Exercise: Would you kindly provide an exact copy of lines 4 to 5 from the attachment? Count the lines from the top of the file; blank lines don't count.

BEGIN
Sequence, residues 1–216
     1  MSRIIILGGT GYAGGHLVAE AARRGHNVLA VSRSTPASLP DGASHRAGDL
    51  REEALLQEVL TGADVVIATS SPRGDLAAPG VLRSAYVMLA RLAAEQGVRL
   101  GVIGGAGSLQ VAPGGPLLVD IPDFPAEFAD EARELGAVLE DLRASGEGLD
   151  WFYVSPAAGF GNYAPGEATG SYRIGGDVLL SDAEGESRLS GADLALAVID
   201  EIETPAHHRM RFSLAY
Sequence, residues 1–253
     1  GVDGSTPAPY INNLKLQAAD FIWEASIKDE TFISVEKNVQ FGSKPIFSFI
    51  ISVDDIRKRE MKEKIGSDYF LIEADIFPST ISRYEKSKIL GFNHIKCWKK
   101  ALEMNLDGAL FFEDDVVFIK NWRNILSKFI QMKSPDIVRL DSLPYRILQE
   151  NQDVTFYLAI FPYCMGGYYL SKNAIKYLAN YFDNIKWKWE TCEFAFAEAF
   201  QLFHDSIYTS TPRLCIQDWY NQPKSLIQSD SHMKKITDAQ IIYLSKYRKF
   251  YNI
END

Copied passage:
   101  GVIGGAGSLQ VAPGGPLLVD IPDFPAEFAD EARELGAVLE DLRASGEGLD
   151  WFYVSPAAGF GNYAPGEATG SYRIGGDVLL SDAEGESRLS GADLALAVID